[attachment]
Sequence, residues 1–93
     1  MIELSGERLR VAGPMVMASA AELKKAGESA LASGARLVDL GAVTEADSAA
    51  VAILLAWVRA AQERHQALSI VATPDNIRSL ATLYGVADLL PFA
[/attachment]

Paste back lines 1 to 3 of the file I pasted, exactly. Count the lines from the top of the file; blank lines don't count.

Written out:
Sequence, residues 1–93
     1  MIELSGERLR VAGPMVMASA AELKKAGESA LASGARLVDL GAVTEADSAA
    51  VAILLAWVRA AQERHQALSI VATPDNIRSL ATLYGVADLL PFA